Hi skilover and everbody,

Yes, of course this was an ad and I payed skilover a lot of money for it! Corruption isn't cheap!

I just want to apoloigize if anyone was bothered by his post because I am the one responsible for asking if he wouldn't mind posting his impressions using the iPod in his 2-channel rig.

no bother for me , at all
post #23 of 82
I just wish Vinnie would take a stab at modding the newer generation players. The idea of buying an older gen iPod just puts me off unfortunately. I know space is an issue in the new ones but couldn't the BlackGate cap just reside outside the chassis, in line with a mini cable...
post #24 of 82

Bass fall-off with iMod

If, (for some pervert reason), I connect low-impedance phones to line-out of an iMod iPod , will there be bass fall-off?
post #25 of 82
Quote:
Originally Posted by bansal98 View Post
If I connect low-impedance phones to line-out of an iMod iPod (for some pervert reason), will there be bass fall-off?
ahhah another nice thread isn't it

a lil IC cable should be the only thing one connect into the imod lineout ..
post #26 of 82
Thread Starter 
NiToNi: I asked Vinnie about that once. He ignored the request. I do think it might be a bit clumsy, but I would guess you could build it into an interconnect cable if you had one custom made. It's a thought--Vinnie? I have no idea what would happen if you inadvertently plugged a cable without the cap into the Imod and plugged it into an amp--if it would just sound bad, or if something could get broken. Also, would the capacitor somehow discharge if it didn't remain plugged into the circuit--again, I don't know. Also, if you move your Ipod from say a car stereo to a home or portable stereo, you'd have to move the cable, and the other end may require different sorts of connection plugs. Otherwise, you could make a little "pod" (ie. an "ImodPod") that could be plugged into the Imod, then you'd plug your interconnect cable into the "pod". Again a bit clumsy, but sooner or later, Vinnie will probably need to figure this one out. Evidently Apple has a large supply of Ipod Photos so we aren't going to run out soon. But, as the new ones have bigger and bigger drives, we will want him to mod a new one more and more, so, Vinnie, please keep working on this.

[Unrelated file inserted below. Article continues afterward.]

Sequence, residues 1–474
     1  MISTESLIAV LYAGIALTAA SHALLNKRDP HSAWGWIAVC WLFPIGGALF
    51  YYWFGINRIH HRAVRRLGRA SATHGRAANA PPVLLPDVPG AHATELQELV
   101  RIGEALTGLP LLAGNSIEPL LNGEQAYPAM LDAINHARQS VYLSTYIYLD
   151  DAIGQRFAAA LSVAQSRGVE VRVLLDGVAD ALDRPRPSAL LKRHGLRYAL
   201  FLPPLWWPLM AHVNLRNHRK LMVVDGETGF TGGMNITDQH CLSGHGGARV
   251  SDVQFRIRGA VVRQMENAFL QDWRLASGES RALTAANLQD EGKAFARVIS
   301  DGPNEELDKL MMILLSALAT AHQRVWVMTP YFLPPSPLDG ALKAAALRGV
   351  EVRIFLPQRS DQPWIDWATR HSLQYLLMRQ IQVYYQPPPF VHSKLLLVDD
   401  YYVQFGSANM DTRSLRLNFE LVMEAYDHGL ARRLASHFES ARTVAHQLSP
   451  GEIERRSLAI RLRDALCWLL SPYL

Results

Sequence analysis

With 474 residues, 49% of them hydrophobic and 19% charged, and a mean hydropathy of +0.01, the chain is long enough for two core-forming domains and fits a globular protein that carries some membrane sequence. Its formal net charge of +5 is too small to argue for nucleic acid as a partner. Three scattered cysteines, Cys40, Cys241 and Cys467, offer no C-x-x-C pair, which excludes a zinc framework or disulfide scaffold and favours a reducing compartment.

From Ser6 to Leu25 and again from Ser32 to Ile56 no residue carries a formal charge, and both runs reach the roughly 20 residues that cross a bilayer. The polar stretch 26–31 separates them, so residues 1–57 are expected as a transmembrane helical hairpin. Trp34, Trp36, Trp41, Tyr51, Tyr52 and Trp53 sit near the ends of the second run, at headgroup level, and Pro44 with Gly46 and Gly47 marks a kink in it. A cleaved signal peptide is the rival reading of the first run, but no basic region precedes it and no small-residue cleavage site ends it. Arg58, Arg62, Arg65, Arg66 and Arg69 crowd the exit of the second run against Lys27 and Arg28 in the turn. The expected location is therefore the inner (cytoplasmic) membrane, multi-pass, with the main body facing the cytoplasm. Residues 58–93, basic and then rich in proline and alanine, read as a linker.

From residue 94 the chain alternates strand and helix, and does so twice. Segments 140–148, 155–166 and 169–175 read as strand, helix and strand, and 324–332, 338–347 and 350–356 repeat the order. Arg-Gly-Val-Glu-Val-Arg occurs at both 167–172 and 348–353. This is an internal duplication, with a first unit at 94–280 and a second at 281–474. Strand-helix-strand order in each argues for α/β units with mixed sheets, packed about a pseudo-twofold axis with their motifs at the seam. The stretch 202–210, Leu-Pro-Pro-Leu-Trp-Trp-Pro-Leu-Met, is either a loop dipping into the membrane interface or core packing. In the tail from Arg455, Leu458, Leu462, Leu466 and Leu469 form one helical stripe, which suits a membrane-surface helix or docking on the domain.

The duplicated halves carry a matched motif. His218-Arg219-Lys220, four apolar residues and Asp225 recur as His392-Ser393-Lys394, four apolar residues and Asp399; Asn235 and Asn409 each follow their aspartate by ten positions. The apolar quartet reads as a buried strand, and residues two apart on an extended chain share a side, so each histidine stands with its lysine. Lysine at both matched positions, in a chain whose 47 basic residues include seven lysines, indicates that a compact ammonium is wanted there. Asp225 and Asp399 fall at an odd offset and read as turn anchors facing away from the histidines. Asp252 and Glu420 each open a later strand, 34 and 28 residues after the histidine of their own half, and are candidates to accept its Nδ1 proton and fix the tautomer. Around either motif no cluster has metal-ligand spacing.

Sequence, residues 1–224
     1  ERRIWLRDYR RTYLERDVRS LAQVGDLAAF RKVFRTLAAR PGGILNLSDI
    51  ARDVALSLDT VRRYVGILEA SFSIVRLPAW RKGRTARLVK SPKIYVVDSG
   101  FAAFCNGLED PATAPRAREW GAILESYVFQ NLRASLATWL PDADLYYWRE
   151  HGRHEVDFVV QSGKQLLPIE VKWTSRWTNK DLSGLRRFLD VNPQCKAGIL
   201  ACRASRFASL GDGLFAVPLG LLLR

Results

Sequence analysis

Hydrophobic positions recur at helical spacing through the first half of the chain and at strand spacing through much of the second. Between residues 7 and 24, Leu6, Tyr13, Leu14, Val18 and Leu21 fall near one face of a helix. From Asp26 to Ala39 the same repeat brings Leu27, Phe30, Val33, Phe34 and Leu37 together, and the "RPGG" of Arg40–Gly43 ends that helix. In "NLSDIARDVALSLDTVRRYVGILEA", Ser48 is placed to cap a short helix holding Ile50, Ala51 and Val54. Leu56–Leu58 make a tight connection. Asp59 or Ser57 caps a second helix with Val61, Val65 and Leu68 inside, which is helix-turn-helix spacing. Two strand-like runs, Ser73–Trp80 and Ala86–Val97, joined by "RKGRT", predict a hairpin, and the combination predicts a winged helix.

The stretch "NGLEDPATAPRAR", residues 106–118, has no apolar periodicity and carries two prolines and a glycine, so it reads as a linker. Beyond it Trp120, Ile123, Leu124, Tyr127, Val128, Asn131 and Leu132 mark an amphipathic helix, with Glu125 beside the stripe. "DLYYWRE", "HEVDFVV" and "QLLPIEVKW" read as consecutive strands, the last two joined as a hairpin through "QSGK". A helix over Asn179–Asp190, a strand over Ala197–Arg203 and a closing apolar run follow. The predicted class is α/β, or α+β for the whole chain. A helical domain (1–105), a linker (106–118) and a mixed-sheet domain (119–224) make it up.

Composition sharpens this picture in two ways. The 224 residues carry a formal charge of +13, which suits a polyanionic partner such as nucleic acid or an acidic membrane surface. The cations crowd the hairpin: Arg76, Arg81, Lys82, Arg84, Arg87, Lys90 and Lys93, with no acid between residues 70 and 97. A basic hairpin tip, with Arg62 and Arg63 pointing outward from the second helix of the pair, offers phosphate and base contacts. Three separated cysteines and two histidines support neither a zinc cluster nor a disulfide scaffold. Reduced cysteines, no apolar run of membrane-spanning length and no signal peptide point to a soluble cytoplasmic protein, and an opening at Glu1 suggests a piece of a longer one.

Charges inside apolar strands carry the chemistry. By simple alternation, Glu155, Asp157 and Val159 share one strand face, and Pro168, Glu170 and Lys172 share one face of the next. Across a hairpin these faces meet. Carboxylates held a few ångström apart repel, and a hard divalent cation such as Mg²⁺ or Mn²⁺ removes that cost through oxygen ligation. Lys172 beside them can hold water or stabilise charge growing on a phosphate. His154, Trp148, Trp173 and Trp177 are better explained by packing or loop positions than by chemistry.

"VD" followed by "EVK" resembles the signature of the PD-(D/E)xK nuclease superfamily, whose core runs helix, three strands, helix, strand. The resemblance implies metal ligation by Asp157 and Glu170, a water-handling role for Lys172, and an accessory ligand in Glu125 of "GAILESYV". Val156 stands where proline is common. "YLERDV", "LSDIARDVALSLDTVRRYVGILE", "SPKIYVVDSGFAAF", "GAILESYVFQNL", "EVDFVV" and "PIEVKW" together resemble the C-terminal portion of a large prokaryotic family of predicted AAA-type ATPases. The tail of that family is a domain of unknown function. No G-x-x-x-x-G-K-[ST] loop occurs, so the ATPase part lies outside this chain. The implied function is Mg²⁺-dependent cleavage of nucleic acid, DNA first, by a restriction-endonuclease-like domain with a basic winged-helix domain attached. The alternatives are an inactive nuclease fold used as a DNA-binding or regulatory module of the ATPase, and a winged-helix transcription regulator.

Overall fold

Kindly,
S
post #27 of 82
Quote:
if you listen to a standard Ipod with EQ turned off you realize just how poorly it sounds,
or perhaps its your music that sounds poor. Ive never turned the EQ on w/VBR mp3's and its always sound as it does coming through my HQ audio equipment in .flac format. That and your probably using garbage IEM's (IE, the ones that came with the ipod).

what a blatant advertisement. how much did he pay you to write this? $20?
post #28 of 82
Thread Starter 
Bewildered, it's all to one's personal taste. I use Kimber interconnects, not the OEM ones. And my music is just fine, really.

Kindly,
S
PS: My price to be bribed is much more than $20.00. This is really a pretty simple discussion. Apple happen to use a very good DAC, but the circuits they use to amp it, do volume and EQ, as well as the circuit board traces that follow the DAC are mediocre, but perfectly well suited to the ear buds shipped with an IPOD. All Vinnie does is remove that stuff and put a very high quality capacitor in the path to the headphone jack. The rest is done by your own external amplifier/pre-amp. The fact that this improves the signal quality should be self evident, you don't need to bribe someone to say that.
post #29 of 82
Quote: